Ultrasound tests became popular in American hospitals during the 1970s. Suddenly, what had been a complete surprise for future parents became a matter of a visit to the doctor. Future parents were able to figure out the gender of their child before he/she was born. While discovering the gender of their child is an exciting moment for most parents, the foreknowledge of gender has had some unfortunate consequences.

For example, in a world where abortion is a real thing, some parents choose to abort when the sex of their unborn child is undesirable (i.e. some female fetuses in East Asian countries).

The potential of genetic testing

Now, what if you were able to know virtually everything about your child before he/she is born? What if you knew your future son would struggle with obesity? Would you treat him differently?

What if you knew your future daughter would inherit your intelligence, while your other children would not?

What if you knew how tall they'd be, how compassionate they would be or how violent they would be?

Similar to the advent of ultrasound testing (which began in the 1950s but took a couple of decades to become popular), advanced prenatal genetic testing is possible now.

Here's how it's done

The key is for geneticists to be able to peek inside the fetus' DNA. If they can do that, they can see what DNA comes from mom and what DNA comes from dad and then tell you all sorts of information about your future child.

Here's the thing: This has been possible for quite a while now, but hasn't been popular because current procedures put the baby at risk. In order to snag the fetal DNA, doctors have to use a needle to get to where the fetus is. They extract amniotic fluid or material from the placenta to stick under the proverbial microscope.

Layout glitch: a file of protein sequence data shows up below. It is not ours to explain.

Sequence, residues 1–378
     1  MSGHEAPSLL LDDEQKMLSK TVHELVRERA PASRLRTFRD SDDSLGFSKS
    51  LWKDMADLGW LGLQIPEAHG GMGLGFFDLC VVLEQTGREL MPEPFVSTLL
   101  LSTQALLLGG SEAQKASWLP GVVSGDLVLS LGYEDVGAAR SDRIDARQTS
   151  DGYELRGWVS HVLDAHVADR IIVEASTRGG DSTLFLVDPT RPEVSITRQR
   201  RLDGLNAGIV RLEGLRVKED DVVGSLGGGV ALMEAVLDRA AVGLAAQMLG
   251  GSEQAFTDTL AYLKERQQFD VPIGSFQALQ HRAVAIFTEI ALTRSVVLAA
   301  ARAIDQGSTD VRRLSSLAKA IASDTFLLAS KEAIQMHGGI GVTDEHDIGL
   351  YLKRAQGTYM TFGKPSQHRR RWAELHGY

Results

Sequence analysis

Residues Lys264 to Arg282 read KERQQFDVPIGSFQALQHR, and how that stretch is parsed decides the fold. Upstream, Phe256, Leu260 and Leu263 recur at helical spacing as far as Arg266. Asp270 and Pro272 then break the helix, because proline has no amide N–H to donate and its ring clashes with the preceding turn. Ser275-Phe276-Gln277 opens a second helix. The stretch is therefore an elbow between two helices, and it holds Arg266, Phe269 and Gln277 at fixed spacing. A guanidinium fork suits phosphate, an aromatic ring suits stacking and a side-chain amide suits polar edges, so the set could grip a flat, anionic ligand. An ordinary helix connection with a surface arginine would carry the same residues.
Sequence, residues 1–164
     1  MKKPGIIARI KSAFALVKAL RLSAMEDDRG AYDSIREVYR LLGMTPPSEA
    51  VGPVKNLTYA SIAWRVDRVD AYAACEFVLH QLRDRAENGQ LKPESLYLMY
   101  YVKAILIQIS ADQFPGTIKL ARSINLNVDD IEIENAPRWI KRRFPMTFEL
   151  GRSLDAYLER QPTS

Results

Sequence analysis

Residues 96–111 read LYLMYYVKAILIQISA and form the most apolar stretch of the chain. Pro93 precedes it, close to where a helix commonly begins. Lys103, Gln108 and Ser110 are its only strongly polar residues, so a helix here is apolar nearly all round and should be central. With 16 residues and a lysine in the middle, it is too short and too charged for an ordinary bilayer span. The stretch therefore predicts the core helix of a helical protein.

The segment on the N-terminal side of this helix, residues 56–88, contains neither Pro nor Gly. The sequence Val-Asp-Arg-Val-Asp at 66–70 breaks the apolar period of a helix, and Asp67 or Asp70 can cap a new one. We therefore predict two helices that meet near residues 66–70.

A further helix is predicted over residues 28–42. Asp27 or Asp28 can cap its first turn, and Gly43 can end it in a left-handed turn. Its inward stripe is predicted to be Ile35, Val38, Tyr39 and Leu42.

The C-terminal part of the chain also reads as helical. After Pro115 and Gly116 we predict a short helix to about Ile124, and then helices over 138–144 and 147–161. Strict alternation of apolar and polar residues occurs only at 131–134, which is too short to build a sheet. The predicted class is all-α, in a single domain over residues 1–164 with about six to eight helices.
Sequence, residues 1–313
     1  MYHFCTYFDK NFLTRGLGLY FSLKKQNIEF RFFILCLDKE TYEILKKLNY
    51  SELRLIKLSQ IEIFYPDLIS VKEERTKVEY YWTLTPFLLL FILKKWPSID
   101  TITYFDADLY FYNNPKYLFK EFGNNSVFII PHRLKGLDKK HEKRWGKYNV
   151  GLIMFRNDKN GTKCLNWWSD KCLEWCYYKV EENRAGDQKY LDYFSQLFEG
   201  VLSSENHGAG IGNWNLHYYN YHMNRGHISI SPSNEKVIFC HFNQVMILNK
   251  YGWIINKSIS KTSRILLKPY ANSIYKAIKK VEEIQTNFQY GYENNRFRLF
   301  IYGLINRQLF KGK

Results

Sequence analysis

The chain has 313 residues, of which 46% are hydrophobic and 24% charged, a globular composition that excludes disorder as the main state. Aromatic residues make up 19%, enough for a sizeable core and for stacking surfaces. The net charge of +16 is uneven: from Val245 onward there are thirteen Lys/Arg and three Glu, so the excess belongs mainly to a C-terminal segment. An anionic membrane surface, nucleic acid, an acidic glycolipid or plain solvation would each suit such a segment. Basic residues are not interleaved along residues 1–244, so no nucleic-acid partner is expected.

Here's what's new

Scientists have now discovered fetal DNA in the mother's blood. What does that mean? It means that now if parents want to learn more about their unborn child, all it takes is a blood sample from mom.

That being said, the technology still isn't perfect. There are still plenty of things a blood sample can't tell you (that previous, more risky procedures can), but the potential is worth looking at.

Practical use

The technology is currently being used to identify some general characteristics and genetic issues. Non-invasive prenatal testing (NIPT) can be used to identify whether or not a child will have Down's, Patau's or Edward's Syndrome. It can also be used to discover gender and the presence of what is called a microdeletion, which indicates that the child will likely suffer from nearsightedness and poor hearing.

The big question

The future is approaching rapidly. The science is being perfected. Eventually, a moral line will need to be drawn. Of course, this modern-day miracle can and will be used for good, but there's always a flipside to the coin.

Would knowing that the IQ of your future son is significantly lower than average affect how you treat him? If you know he got it from his father's side, would you become bitter towards him if your son performs poorly in school?

Eventually the question of genetic engineering comes into play. If I find a gene I don't like, would it be ethically OK to engineer it out of the fetus' DNA? The possibilities and implications are far-reaching.

Maybe everything will turn out alright, or maybe Albert Einstein was right when he said, "It has become appallingly obvious that our technology has exceeded our humanity."

Where is the line? Let us know what you think in the comments.

Much of this article is based on information from this article, published by Time Magazine.

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